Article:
You are on page 1of 3

FOR IMMEDIATE RELEASE - 02/23/2015 (REVISED 03/21/2015

)
CONTACT:
Madison D. Welch, Southwest Director, Students for Concealed Carry (SCC) - madison.welch@concealedcampus.org
SCC Board of Directors: organizers@concealedcampus.org
TEXAS UNIVERSITIES USE FABRICATED COSTS TO CAST DOUBT ON CAMPUS CARRY
During the 2011 Texas Legislative Session, Senator Rodney Ellis (D-Houston) announced on the Senate floor that, according to
the administrators of colleges in his district, then-pending legislation to legalize the licensed concealed carry of handguns on Texas
college campuses would cost those institutions millions of dollars in increased insurance premiums. That claim was quickly refuted
(http://is.gd/t3CvDt) but not before the fabricated specter of an "unfunded mandate" succeeded in derailing the bill in question. In
light of this history, it's no surprise that college administrators, again aided by Senator Ellis, are once again warning of expenses that
exist only in their imaginations.
According to an article (http://is.gd/YWO9wX) published in the Sunday, February 22, edition of the Houston Chronicle, the UT
and UH systems believe that Senate Bill 11—the "campus carry" bill—would cost them an aggregate of $47 million over six years. Not
surprisingly, most of that purported cost would be borne by campuses in Senator Ellis's own district. Reportedly, $22 million
(approximately 47%) would be needed by the on-campus police department at the University of Texas MD Anderson Cancer Center,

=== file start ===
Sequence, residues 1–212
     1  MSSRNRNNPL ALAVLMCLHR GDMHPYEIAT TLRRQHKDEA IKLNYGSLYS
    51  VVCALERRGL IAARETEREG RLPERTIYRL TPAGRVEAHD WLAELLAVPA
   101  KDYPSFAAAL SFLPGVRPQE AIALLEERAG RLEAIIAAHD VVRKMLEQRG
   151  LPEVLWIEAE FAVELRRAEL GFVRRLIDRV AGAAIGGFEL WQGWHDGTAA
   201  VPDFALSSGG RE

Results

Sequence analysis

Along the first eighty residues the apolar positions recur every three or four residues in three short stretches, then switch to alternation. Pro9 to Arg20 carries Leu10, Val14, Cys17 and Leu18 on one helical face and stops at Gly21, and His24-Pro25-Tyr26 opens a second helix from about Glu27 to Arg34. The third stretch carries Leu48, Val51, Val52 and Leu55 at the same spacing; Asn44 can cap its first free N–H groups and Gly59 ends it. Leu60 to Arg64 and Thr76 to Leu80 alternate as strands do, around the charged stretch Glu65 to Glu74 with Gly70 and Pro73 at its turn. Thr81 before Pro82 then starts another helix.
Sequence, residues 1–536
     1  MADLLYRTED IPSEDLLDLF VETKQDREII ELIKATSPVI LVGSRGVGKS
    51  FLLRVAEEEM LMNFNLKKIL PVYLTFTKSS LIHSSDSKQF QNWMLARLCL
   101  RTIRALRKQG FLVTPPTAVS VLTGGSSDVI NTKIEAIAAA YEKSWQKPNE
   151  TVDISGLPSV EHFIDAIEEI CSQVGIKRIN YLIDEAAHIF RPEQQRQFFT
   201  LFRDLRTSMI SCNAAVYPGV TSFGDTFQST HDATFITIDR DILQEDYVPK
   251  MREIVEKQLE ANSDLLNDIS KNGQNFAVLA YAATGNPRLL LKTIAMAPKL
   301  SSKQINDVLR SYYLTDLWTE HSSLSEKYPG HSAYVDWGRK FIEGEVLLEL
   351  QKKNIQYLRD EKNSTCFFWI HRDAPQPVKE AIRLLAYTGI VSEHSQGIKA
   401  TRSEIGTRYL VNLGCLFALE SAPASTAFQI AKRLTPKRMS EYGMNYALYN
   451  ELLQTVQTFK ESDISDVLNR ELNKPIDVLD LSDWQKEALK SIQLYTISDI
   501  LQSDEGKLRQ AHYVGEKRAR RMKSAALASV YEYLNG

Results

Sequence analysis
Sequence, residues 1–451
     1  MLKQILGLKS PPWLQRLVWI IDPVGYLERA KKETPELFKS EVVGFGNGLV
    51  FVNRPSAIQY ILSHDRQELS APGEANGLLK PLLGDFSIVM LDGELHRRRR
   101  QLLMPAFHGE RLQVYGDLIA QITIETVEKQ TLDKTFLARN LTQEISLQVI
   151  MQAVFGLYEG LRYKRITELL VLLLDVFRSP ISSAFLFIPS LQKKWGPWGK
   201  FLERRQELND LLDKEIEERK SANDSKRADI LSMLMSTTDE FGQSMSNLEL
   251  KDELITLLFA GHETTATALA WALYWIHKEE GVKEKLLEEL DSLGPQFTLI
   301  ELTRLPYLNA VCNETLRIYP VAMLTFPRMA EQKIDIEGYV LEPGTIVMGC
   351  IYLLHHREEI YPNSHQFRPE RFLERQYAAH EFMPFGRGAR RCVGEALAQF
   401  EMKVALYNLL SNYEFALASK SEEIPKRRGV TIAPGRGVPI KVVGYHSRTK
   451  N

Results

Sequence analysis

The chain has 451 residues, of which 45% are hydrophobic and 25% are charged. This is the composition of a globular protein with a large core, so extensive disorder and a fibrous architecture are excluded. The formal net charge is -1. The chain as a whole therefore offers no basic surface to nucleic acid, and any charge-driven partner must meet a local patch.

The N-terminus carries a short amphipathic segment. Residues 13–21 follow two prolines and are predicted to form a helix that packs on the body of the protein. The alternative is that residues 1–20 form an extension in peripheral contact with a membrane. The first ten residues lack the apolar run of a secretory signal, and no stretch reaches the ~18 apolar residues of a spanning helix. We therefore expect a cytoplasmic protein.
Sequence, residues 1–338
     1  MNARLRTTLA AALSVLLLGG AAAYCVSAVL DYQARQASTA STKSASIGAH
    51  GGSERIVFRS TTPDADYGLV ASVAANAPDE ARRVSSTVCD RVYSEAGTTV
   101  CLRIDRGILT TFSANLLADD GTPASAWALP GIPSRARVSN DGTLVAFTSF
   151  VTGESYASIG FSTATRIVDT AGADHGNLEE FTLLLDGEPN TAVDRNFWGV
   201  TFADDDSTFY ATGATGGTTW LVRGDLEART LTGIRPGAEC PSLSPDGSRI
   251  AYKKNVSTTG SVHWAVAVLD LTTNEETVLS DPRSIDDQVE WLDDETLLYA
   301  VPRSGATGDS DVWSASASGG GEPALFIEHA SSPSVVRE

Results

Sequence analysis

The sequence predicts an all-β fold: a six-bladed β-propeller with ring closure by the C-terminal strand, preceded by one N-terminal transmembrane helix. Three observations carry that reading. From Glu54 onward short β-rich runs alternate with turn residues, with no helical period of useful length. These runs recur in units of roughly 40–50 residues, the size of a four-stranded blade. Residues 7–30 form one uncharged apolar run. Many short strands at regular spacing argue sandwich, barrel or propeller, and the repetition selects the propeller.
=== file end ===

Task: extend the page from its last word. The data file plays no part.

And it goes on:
for "the installation of gun safes and lockers, additional administrative personnel and to fund 'de-escalation' and 'judgment' training
for staff and on-campus security." That's $6.5 million per year, over the initial six years, for an institution (http://is.gd/hFPTly) that
serves fewer than 6,500 trainees (mostly graduate students and post-doctoral residents and researchers), that offers no on-campus
housing, and that would (under SB 11) retain the right to prohibit guns in any facility functioning as part of a licensed hospital.
The University of Houston System, which operates primarily in Senator Ellis's district, claims it would spend $3 million the first
year and $1.2 million each year thereafter, to "create, maintain, and staff secured weapons storage facilities in nine dormitories."
According to a 2013 article (http://is.gd/Wj4ygx) in the Houston Chronicle, the main UH campus has a dorm capacity of 8,008 students
(the second-largest dorm capacity of any Texas university, behind only Texas A&M). According to the website (http://is.gd/lanSTS) for
UH-Victoria, the UH-Victoria campus has a dorm capacity of just over 600. No other UH campus offers on-campus housing. This means
that—based on the low rate (http://is.gd/Kgqgnx) of concealed handgun licensure among persons of typical undergraduate age (1823) and the low rate (http://is.gd/8WtGpC) at which persons over the age of 21 live in on-campus dorms—the UH System is concerned
about securing fewer than a half-dozen handguns per year. Madison Welch, Southwest regional director for Students for Concealed
Carry, commented, "If the University of Houston System can't figure out a way to secure handguns for less than $200,000 per
handgun per year, they have much bigger problems than campus carry."
Nothing in Senate Bill 11 (http://is.gd/1DnM1m) would require universities to create or staff "secured weapons storage
facilities." The bill simply states that institutions of higher education would be allowed to "establish rules, regulations, or other
provisions concerning the storage of handguns in dormitories or other residential facilities that are owned or leased and operated by
the institution and located on the campus of the institution." Based on the wording of that provision, universities could presumably
require the handful of dorm residents who possess a valid concealed handgun license (CHL) to check their firearms at the campus